Maine Medicine Weekly Update - 11/25/2019  (Plain Text Version)

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In this issue:
•  MMA Legislative Calls Will Start Again in January; Organizational Meeting 12/10 at 6 p.m., MMA HQ
•  Former Oregon Health System CEO to Lead Northern Light EMMC
•  Highlights of CMS' 2020 Physician Fee Schedule and QPP Proposed Rule
•  This Week's Public Health Updates from the AMA
•  Physician Files Constitutional Challenge to Certificate of Need
•  Safe Sleep Research Project - Provider Survey to improve recommendations for parents
• 2020 Open Enrollment Ends on December 15
•  From The Alzheimer's Association: Making a Plan of Care for Patients with Cognitive Decline and Dementia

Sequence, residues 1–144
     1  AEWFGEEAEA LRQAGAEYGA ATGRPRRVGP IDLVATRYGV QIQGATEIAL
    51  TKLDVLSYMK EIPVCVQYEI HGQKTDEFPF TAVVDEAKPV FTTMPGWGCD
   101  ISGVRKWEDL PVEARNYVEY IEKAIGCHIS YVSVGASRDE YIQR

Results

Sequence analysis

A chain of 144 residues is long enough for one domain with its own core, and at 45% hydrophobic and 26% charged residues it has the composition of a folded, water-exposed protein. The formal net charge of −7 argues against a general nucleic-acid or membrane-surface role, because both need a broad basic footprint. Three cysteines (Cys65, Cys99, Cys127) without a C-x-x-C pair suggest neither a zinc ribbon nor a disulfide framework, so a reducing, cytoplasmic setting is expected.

•  Maine Legislature's List of Bill Titles for 2020 Session: Initial Approval List
•  Upcoming Specialty Society Meetings
•  MMA partners with the Maine Suicide Prevention Program and the Maine CDC/Sweetser to offer training for clinicians.
•  10th Annual Maine Patient Safety Academy - March 30, 2020
•  Northern Light Sebasticook Valley Hospital seeks a BC/BE General Surgeon
•  Family Medicine Physician
•  Family Medicine Opportunity in Beautiful Western Maine
•  BC/BE Family Medicine or Internal Medicine Physician
•  Physician Director of Primary Care
•  Full-time, Part-time and Leadership Opportunities for Physicians
•  Opportunities at the VA for Volunteer Physicians